Sound on Sound was a music festival held in Bridgeport on Sep. 30 and Oct. 1. I had the privilege of attending (thanks to many hours worked at my summer job) to see some of my favorite artists and discover some incredible new music. Although this was my first music festival, I am no stranger to concerts and the usual procedures. As someone who thoroughly enjoys and appreciates live music, I have noticed that the concert experience seems like it is becoming a part of an elitist culture due to the insanely high prices and upcharges on everything single aspect you can imagine. Only those who can afford thousand-dollar tickets get to sit in decent seats. Sound on Sound certainly reinforced this belief for me, and has led me to question my previous and future concert endeavors. Despite this, though, the weekend was still entertaining and fun.
One thing about me is that I will always splurge on concert tickets. I believe that life is truly all about your experiences, and for me concerts are always worth it. They are one of the only kinds of purchases that I don’t feel guilty about because the experience of seeing live music and my favorite bands is priceless (to a reasonable extent). That being said, buying my Sound on Sound ticket was a no brainer especially because my favorite band of all time, the Red Hot Chili Peppers (RHCP), were headlining. This was my third time seeing them live in the past year and I hope I can see them again. It’s hard when your favorite band is making their way into their sixties, but I consider myself so lucky that the RHCP have released not one, but two new albums in 2022 and have been on tour for over year. My roommates and I always tell each other “whatever it takes” in order to see them since we never know when they’re going to stop making music or stop touring.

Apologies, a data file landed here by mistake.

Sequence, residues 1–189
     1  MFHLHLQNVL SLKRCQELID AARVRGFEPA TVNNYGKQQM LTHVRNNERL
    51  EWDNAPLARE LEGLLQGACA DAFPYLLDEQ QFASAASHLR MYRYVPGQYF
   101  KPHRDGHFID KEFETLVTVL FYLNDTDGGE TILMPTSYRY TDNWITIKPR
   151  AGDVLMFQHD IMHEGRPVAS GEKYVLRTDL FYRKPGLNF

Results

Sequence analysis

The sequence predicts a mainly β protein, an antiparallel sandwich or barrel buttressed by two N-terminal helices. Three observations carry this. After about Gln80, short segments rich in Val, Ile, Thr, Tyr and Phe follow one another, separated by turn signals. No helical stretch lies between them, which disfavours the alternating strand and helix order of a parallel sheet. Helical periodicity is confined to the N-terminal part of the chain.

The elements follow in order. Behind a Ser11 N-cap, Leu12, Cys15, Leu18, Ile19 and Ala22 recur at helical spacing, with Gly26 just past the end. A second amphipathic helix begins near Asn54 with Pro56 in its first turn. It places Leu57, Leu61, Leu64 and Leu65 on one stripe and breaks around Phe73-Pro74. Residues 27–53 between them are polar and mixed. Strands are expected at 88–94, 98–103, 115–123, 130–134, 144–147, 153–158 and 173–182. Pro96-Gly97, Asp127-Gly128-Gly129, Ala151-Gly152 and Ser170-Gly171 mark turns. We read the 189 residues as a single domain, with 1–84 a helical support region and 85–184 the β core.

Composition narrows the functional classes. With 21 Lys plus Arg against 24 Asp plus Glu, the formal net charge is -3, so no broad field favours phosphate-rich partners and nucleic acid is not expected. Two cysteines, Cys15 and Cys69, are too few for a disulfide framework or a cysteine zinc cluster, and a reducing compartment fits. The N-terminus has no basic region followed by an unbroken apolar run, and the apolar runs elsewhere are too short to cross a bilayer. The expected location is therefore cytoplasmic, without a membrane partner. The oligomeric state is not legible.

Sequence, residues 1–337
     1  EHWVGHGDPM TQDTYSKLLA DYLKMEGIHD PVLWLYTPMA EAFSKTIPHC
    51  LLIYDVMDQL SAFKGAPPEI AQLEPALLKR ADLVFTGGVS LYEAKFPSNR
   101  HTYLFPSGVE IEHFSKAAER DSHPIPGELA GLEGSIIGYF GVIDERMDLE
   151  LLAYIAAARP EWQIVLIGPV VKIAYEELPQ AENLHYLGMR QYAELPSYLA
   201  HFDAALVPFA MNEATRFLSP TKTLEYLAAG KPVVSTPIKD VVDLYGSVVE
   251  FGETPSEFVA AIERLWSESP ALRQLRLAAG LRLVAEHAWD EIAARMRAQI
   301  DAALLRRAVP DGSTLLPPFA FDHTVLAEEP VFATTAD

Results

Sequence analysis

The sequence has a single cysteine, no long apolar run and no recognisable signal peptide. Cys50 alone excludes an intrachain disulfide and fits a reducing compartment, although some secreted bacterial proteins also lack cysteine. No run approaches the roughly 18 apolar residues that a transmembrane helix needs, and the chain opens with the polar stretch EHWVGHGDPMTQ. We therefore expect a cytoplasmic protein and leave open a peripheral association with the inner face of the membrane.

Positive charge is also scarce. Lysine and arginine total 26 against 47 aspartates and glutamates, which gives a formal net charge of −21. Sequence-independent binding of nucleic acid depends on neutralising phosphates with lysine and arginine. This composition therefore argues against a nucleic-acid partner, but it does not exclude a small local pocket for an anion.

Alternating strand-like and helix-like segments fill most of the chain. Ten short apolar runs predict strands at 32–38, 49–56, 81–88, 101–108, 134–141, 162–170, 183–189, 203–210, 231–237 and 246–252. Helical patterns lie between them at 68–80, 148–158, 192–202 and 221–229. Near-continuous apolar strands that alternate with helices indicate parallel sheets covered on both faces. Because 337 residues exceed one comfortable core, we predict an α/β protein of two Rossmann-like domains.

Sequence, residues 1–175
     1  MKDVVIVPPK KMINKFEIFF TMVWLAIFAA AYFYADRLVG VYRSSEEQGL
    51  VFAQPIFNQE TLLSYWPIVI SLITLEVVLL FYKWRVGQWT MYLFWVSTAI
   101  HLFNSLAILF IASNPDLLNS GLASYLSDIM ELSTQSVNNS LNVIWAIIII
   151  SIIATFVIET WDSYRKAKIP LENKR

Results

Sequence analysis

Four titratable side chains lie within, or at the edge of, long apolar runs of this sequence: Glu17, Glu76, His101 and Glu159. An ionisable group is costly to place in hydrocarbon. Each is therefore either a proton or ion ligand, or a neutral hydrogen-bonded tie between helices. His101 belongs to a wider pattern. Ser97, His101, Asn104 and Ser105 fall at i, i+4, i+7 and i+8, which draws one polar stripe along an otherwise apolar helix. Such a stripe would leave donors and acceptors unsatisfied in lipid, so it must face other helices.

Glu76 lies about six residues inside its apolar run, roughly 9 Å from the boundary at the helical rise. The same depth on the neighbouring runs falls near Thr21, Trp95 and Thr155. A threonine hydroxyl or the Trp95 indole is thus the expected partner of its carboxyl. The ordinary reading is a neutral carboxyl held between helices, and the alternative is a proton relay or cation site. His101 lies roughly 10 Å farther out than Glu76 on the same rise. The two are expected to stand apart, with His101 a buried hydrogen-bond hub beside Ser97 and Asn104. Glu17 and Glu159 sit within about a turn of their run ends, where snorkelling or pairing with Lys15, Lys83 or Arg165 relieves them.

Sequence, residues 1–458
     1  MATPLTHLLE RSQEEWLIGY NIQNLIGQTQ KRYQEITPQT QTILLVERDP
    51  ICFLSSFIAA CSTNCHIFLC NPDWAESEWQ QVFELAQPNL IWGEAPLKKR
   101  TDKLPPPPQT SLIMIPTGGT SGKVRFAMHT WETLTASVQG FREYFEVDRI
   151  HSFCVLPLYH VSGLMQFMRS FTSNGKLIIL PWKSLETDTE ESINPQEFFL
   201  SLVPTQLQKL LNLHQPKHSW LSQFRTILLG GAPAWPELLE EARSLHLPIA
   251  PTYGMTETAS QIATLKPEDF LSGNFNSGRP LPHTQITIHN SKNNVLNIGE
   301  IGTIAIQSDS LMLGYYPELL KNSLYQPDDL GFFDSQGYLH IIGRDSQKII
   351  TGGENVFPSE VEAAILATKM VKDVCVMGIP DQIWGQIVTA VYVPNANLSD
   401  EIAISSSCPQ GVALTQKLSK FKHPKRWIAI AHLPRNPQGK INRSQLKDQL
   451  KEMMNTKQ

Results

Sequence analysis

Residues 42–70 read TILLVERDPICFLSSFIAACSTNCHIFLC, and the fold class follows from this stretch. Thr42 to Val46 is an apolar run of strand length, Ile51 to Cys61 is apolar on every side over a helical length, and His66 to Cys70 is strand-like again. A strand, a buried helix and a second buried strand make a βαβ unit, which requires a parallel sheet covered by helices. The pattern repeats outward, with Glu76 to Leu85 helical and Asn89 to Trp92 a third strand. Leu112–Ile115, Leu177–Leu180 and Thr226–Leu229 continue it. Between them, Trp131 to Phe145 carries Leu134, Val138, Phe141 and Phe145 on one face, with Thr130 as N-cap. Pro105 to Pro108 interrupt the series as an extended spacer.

In addition to seeing the RHCP for my third time, I also had a lot of firsts at Sound on Sound. I saw Mt. Joy, Hozier, Alanis Morissette, and John Mayer, who was born in Bridgeport and went to school in Fairfield. I was also introduced to some incredible new bands like DISPATCH and Ben Harper & the Innocent Criminals. The music and experience were unforgettable, despite the muddy conditions in the General Admission (GA) section. Although the mud just helped to bring everyone back to the original festival roots of Woodstock.
What I did notice, though, about the mud in GA that further confirmed my belief in the elitism of the concert experience is that GA was the only section with mud (at least on day two). By day two, all other sections were conveniently filled with rocks and pebbles that completely covered the grass and mud. You may be wondering why there were sections other than GA; usually with an event like this everyone gets GA access and only the truly committed fans who show up early get to secure their place right in front of the stage. This was not the case at Sound on Sound. There was not only a VIP section but also a GA+ section. For almost every performance I saw at Sound on Sound, I was as close as I could possibly get in GA, which was still considerably far away. Gates separated each section.
Although I couldn’t see the VIP section (as I was simply too far away), what I could see was a surprisingly empty GA+ section on Saturday night and a sparse crowd on Sunday. The tickets for GA+ were so much more expensive than GA that I didn’t even consider the possibility of purchasing them. This kind of extreme upcharge for a slightly closer view (never mind the price for the VIP section) seems to contradict what festival experiences are supposed to stand for. It makes it nearly impossible for the dedicated, but average income, fans to get a chance to be up close to their favorite musicians.
It was disappointing to see so much empty space in the section in front of me while I was surrounded by people packed together, standing in inches of muddy water on soft ground who knew every word to every song. People who spent hundreds of dollars on GA tickets and food and travel to spend the weekend with artists they cared about. The festival was no doubt an incredible experience, but I couldn’t help but focus on the unnecessary need for another section that took away from fans who simply could not afford it. Concert tickets are already expensive as it is, especially with ticket selling sites able to upcharge with ridiculous fees. Not to mention the upcharges on food and drinks (and merch), and the fact that almost every concert venue or festival exclusively accepts card and not cash. It seems the integrity of the concert and fan experience is unfortunately becoming warped so venues and organizations can make even more profit (as if they don’t already have enough).
While I wish concert procedures would change, I don’t want to void myself of these experiences. I am eager to purchase my next (reasonably priced) concert tickets and I am (im)patiently waiting for the RHCP to release new tour dates.